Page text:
James Haile is a doctoral student in philosophy at Duquesne University. His research centers on the relation of philosophy to literature and sociology. His edited collection, PhilosophicalMeditations on Richard Wright (Lexington Books) is forthcoming this fall.
What are the aesthetic, social and political messages of hip-hop music? Although much has been written—and continues to be written—on the “tremendous potential” of this musical art-form for social criticism and change (perhaps even revolution), the vast majority of it centers on the more overtly ‘socially conscious’, ‘politically oriented’ groups and MCs (a few examples: Dead Prez, Black Star, KRS-One, and, most notably, the late Tupac and the now defunct Public Enemy). Conversely, there has been scant commentary on the social and political ‘consciousness’ of more mainstream hip-hop music (a few examples: Kanye West, Lil’ Wayne, and Rick Ross). Instead, many have simply relied on the too generally accepted, strict dichotomies: mainstream versus underground, authentic versus commercial, social and politically conscious versus dance/booty shake music (to name a few). And, still many of hip-hop artists (especially those who have been given the currency of social consciousness) fight these strict categories, not solely on grounds of artistic freedom (and expression), but on social and political grounds: Mos Def raps in “Close Edge”, “so stop with the nonsense that he’s conscious, I’m just awake y’all”; or, Andre 3000’s insistence on “Aquemini”, “Now question: is every nigga with dreads for the cause? Is every nigga with golds for the fall? Naw, so don’t get caught in appearance.” What is left for us to think about, especially with Andre 3000, is the nature of political expression: what do politics look like, especially for those who were born and/or grew up post-Civil Rights, what Mark Anthony Neal calls the post-soul era. Moreover, if we are to look to contemporary hip-hop to deliver a political message, to capture the post-soul era of American life, what should this hip-hop message look like?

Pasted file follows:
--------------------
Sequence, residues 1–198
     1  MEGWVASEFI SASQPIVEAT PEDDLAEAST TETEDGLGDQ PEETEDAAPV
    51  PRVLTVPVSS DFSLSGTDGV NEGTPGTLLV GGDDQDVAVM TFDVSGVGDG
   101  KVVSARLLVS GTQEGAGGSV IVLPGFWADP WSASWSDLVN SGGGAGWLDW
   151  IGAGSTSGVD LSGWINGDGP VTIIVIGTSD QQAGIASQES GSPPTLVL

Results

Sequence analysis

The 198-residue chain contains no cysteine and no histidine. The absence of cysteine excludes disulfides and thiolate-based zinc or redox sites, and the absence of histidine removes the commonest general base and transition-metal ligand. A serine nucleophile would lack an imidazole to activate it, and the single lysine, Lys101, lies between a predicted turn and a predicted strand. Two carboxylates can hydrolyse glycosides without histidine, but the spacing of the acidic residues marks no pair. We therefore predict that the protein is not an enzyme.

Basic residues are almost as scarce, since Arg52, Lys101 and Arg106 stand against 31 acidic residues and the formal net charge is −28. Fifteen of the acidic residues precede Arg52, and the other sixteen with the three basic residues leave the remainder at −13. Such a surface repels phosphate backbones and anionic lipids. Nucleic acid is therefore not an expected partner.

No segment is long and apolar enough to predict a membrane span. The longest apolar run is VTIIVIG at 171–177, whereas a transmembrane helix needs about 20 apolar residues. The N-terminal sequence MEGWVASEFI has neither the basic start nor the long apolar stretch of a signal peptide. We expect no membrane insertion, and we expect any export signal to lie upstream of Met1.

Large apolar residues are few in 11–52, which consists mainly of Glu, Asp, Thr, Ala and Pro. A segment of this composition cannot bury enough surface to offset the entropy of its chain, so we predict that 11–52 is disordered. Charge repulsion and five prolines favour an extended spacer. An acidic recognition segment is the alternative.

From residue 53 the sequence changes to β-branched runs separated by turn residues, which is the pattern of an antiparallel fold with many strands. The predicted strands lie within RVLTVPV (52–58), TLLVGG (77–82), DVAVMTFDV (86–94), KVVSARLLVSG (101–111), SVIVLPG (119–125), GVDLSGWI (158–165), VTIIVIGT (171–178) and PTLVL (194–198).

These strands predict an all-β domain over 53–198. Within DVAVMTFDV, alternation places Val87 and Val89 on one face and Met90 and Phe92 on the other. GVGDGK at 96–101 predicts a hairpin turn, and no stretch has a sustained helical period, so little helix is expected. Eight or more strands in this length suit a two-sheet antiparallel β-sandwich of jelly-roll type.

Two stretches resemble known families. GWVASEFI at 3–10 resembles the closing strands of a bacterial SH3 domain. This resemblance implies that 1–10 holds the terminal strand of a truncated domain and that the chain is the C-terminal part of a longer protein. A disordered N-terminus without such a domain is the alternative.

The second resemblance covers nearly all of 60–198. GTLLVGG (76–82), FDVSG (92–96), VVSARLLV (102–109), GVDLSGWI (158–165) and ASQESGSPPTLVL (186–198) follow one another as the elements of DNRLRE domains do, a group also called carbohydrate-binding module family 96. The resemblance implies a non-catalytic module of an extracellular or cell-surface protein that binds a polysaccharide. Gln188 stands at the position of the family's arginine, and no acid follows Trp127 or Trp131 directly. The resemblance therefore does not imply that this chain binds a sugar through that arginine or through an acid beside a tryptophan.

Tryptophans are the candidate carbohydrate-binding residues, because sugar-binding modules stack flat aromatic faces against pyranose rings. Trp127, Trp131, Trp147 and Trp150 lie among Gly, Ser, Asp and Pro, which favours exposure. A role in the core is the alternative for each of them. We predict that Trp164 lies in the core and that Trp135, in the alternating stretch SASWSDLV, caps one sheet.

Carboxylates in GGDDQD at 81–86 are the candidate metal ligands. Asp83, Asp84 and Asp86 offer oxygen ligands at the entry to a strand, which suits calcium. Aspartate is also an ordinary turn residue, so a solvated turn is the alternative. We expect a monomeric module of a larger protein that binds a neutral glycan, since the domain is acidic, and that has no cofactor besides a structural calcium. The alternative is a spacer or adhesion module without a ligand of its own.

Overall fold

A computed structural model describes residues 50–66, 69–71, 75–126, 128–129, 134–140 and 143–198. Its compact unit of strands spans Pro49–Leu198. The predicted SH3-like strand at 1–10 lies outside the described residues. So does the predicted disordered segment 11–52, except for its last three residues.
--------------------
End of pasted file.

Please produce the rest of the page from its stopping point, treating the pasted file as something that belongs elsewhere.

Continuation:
Dangerously, what has been accepted as the ‘socially conscious’ element of hip-hop is not from or of hip-hop itself; rather, what can be brought in line with an already-present aesthetics of political expression formed at a time different than our present moment. And, while the Black Arts Movement delivered us notables like Amiri Baraka and Gil Scott-Heron, it should not be mistaken for politics itself, the pinnacle of black politics, or the most appropriate political representation of black life in America. Artistic expression always is historically situated, emerging out of and helping to frame the moment, giving it voice. Hip-hop emerged out of the post-Civil Rights (of the 1970s and 1980s) world—the presidency of Ronald Reagan, the Wars on drugs and poverty, the rise of the Multinational Corporation (MNC), the CEO, and the changing international landscape at the end of the Cold War—and, thus, its political voice has a different tone than those of the previous Civil Rights era.
I recently taught an undergraduate course in Critical Race Theory where we listened a range of hip-hop music in an effort to think about what constitutes ‘politics’ in hip-hop musical form. Less obvious were the political messages of more mainstream hip-hop, from Kanye West’s claim, “that’s my commitment you ain’t gotta ask Moses/More champagne more toast’es/More damn planes, more coast’es/And fuck a bus, the Benz is parked like Rosa Oza”; to Lil’ Wayne’s, “black and white diamonds, fuck segregation”; and, Rick Ross’, “black Maybach way trilla than a slave ship”. What hip-hop offers, as expressed in these verses, is two things: a critique of the limitation of the dominant Civil Rights discourse to understanding our contemporary political moment; and, two, an account of a new political discourse for our post-Civil Rights moment. The critique is a deconstruction of the past through the eyes of the present; the new account is the transmutation of the past through its temporalization. The past is resignified rather than ignored, temporally shifted rather than misunderstood. What West, Wayne, and Ross offer us is a view into the post-segregation neo-colonial world where the emphasis is no longer on the social inequality of Jim Crow, and the social unrest of marches, but taking what is given within hyper-materiality and transforming its oppressive qualities into an expression, perhaps strangely articulation, yet nevertheless self-affirming.
What hip-hop teaches us (across the various dichotomies) is an already learned lesson on the importance of experimentation and of riffing, which necessitates an understanding of history (both as present and as past), a vision for the future, and the ability to bridge the two. The genius of sampling is the deconstruction not only of word, but also sound. Contemporary hip-hop, especially mainstream, captures—good or bad—a moment within an epistemic gaze, and riffs on what it sees. The previous generation is taken and deconstructed with a riff that acknowledges a past (slavery, segregation, etc), and its politics, bridging it with the politics of the contemporary situation—a mixture of post-Civil Rights materialism and post-Cold War cynicism. In its way, hip-hop, even in its mainstream variety, challenges our sentiments as to the nature of politics for our contemporary situation and urges us to reflect on who and what we have become.